According to the latest research conducted by WTTC, before the pandemic, Travel & Tourism (including its direct, indirect and induced impacts) accounted for 1 in 4 of all new jobs created across the globe, 10.6% of all jobs (334 million), and 10.4% of global GDP (US$9.2 trillion). Meanwhile, international traveler spending amounted to US$1.7 trillion in 2019 (6.8% of total exports and 27.4% of global services exports).

Clearly, the pandemic turned this mesmerizing landscape upside down, and with it, the mindset of many industry stakeholders. After having spent decades laser-focused on growing their businesses, everybody suddenly turned their focus to saving their business. And this shift in focus inevitably led to a change in attention: from making money to saving money; from happily coexisting with the inefficiencies that, hidden behind years of unparalleled bonanza, had been systematically piling up, to fiercely combating all sources of inefficiency that threatened survival. It is in this context that B2B (Business to Business) payments have suddenly captured everybody’s attention.

For a payments expert who is unfamiliar with B2B payment practices in hospitality, getting acquainted with these practices can become a strikingly surreal experience. Given the dramatic change that Fintech has undergone over the last decade, it is shocking to see that B2B payment methods and procedures have not significantly changed over the past 20 years. Even more shocking, yet, is to see how little attention players in the industry have traditionally paid to this critical aspect of their business. However, as we leave the pandemic behind us, a new normal is emerging, characterized by a strong determination to also leave behind most inefficient processes of the past. 

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A report published by in 2018 already indicated a strong interest from travel companies in payment innovation. Specifically, 8 out of 10 respondents claimed to have the intention to initiate a payment innovation project in the next 3 years.

The way players in the industry are starting to think about payments is changing radically and there’s probably no clearer sign of the winds of change than’s announcement, in July 2021, of their intention to create a new FinTech business unit

In 2022 we are likely to experience the last throes of COVID-19 and the rise of the travel industry from its ashes. According to WTTC, the sector has experienced a surge of more than 250% in European bookings for Easter compared to 2021. The same organization projects the sector’s GDP contributions in the US could reach nearly $2 trillion, which is a 6.2% increase from 2019, with Easter and summer travel bookings helping to bolster economic recovery.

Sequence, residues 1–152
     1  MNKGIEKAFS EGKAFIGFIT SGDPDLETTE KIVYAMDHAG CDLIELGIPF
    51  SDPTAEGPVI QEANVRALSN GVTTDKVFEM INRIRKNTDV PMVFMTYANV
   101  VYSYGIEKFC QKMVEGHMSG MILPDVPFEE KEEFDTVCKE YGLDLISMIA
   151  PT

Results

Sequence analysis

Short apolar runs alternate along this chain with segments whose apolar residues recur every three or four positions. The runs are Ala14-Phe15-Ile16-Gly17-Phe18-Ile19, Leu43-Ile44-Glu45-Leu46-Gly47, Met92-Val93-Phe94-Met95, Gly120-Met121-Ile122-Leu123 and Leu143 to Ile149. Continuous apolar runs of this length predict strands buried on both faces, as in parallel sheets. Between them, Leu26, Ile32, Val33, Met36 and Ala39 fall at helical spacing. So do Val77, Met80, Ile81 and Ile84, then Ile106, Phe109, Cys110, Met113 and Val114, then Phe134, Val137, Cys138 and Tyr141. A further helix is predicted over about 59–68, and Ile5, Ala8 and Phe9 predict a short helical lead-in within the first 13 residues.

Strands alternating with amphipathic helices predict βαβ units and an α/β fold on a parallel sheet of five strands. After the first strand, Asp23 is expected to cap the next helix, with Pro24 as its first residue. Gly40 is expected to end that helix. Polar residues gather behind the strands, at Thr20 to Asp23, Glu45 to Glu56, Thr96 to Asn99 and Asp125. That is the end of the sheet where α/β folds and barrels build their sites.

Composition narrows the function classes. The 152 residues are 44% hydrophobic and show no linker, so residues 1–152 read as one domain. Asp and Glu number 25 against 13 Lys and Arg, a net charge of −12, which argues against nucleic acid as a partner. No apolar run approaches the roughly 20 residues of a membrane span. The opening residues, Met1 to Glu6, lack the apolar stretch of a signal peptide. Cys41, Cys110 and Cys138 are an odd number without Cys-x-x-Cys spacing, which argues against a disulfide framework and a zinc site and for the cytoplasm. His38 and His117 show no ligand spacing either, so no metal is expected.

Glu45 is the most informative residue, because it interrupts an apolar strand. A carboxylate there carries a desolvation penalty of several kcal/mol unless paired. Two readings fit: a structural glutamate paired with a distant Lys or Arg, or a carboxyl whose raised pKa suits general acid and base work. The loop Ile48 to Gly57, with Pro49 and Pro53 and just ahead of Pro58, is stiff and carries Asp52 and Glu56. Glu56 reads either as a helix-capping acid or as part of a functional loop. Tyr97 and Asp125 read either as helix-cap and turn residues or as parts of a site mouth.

Many industry players will take advantage of the new post-pandemic scenario to implement innovative B2B payment strategies that will give them a competitive edge. For many this may sound bizarre, but in an ideal world, shouldn’t B2B payments simply happen seamlessly in due course? How can payment processing be turned into a competitive advantage? Well, welcome to the hospitality industry.

B2B payments in hospitality are far from frictionless, often requiring time-consuming and error-prone manual procedures, which can damage otherwise healthy business relationships. According to, 4 out of 10 travel companies have trouble managing multiple PSPs.

4 out of 10 travel companies have trouble managing multiple PSPs.

Another consideration worth noting is that, left to its own devices, the overhead costs of payment processing (acquisition costs, administrative costs and breakage) can easily account for as much as 5% of a hotel’s bottom line. Multiply this by hundreds of thousands of hotels worldwide and you have the industry-wide impact of payment inefficiencies. It is no coincidence that two of the largest industry associations; Hotel Electronic Distribution Network Association (HEDNA) and Hospitality Technology Next Generation (HTNG), partnered in 2020 to design a standard aimed at creating an industry-specific and frictionless B2B payment channel: The Open Payment Alliance (OPA) international standard.

This paper begins by reviewing the historical reasons for the difficulties that exist in hospitality B2B payments and then goes on to analyze how the OPA standard addresses these. As we’ll see, early adoption of this new standard is already starting to foster and democratize payment innovation, enabling players of all sizes in the industry to design their own payments strategies at a negligible fraction of the cost that industry leaders are paying to implement theirs.

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The overhead costs of payment processing (acquisition costs, administrative costs and breakage) can easily account for as much as 5% of a hotel’s bottom line.

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